I understand that drunk driving is a hot political button. Every officer in the state makes a DUI inquiry during every traffic stop. However, in non-alcohol related cases, the General Assembly has already provided an incentive for tired drivers to get off the road. Under Virginia Code 46.2-830.1, the act of parking one’s car on the shoulder in order to rest is encouraged by removing any serious penalty for drivers who do so because they are feeling drowsy or tired. Conviction for sleeping on the side of the road is a no demerit point offense. The General Assembly has recognized that it wants tired drivers to get off the road. It shouldn’t matter if he is tired because he has been up for twenty-four hours or because he has had too much to drink. That driver needs to be off the road. Instead, if the driver who has too much to drink does what society wants and pulls over to sleep, he faces a greater chance of being discovered and punished as a criminal, especially if one were to pull over in winter and need heat to stay alive while he sleeps. Faced with that outcome, many a drunk driver will take the chance of getting home. And, more people will be in accidents and more people will die. It is the law of unintended consequences.
Now that the Supreme Court has spoken in Enriquez, our only hope is that the General Assembly overturns the Supreme Court’s decision through legislation. I am not holding my breath.
The purpose of this post is to inform Loudoun County residents of their ability to file a civilian complaint against any deputy or employee of the Loudoun County Sheriff’s Office, should they find reason to do so. As a disclaimer, I have no intention of being malicious or confrontational towards the Sheriff’s department, nor do I mean to suggest that they have done anything as of late to warrant a complaint. I was simply motivated by watching the following YouTube video, in which a number of citizens are threatened, harassed, and even arrested solely because they asked how to file a complaint with their local police department.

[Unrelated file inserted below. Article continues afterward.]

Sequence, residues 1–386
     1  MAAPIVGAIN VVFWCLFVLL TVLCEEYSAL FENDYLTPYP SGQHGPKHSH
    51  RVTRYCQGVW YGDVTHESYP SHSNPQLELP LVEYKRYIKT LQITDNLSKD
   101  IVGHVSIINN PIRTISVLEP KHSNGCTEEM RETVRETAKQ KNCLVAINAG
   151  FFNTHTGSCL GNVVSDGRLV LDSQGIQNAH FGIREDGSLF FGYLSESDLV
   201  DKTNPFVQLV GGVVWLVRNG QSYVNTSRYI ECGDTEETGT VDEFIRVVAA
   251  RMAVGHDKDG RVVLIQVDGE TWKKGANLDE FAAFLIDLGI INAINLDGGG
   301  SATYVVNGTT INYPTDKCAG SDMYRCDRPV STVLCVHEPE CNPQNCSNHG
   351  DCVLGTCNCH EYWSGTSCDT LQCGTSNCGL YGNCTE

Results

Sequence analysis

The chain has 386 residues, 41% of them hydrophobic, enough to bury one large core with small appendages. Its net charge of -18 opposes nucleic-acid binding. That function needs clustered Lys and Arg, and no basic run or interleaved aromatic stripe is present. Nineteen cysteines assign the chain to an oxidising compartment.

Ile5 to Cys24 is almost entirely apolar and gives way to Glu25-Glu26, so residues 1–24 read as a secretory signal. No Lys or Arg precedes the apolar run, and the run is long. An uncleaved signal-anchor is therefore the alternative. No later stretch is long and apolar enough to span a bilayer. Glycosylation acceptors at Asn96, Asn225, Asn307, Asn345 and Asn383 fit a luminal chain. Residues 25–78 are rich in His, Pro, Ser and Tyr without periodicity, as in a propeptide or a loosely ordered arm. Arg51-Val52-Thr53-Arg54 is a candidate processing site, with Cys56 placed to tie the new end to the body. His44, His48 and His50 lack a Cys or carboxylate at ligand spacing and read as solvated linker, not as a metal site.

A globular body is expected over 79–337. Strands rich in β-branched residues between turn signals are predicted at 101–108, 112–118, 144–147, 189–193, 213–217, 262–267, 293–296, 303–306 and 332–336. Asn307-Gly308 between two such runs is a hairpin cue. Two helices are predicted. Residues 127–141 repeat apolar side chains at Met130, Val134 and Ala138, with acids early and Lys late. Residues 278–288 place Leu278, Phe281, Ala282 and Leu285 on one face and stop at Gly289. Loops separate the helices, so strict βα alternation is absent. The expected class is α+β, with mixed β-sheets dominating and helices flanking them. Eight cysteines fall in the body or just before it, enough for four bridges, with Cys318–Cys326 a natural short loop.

Fortunately, Loudoun County residents should never have to worry about being subjected to such extreme treatment for filing a complaint, as the Sheriff’s Office provides an online form that allows complaints to be sent in at any time. For a link to that site, click here.
If you are a resident of any other county in Virginia, or if you would like assistance in filling out a complaint, please feel free to leave a message at the bottom of this post and we will do our best to provide you with further information.
In Virginia, the initial spousal support award, both temporary and permanent in nature, is awarded in accordance with Virginia Code Sections 20-103 and 20-107.1. If someone is granted a divorce based on the fault ground of adultery, the adulterous spouse will normally not be awarded spousal support. The Court considers the following factors when deciding whether to award spousal support and the amount of such award:
1. The earning capacity, obligations, needs and financial resources of the parties, including, but not limited to, income from all pension, profit sharing or retirement plans, of whatever nature;
2. The education and training of the parties and the ability and opportunity of the parties to secure such education and training;
3. The standard of living established during the marriage;
4. The duration of the marriage;
5. The age and physical and mental condition of the parties;
6. The contributions, monetary and non-monetary, of each party to the well-being of the family;
7. The property interest of the parties, both real and personal, tangible and intangible;
8. The provisions made with regard to the marital property; and
9. Such other factors, including the tax consequences to each party, as are necessary to consider the equities between the parties.
For more information about divorce in the Commonwealth, check out our other blog posts on the topic or feel free call Westlake Legal to schedule your in-person consultation.
As a criminal defense attorney, I routinely encounter people who could have avoided legal trouble if they had simply known how to exercise their rights when talking to the police. Every time I see this, I lament the fact that so few Americans have a real, working knowledge of their rights. It seems to me that whether the topic is traffic stops or full-scale police searches, most people have little or no knowledge of their rights and how to exercise them in daily life.
In an effort to help people become more informed about their rights, I’d like to share the following video, “10 Rules for Dealing with the Police.” I originally came across this video series while perusing the internet, but,after watching it, I am convinced that it is a phenomenal resource for all citizens. Personally, I think all Virginians (and Americans, for that matter) should watch this video and take the time to properly educate themselves about their rights and how to use them.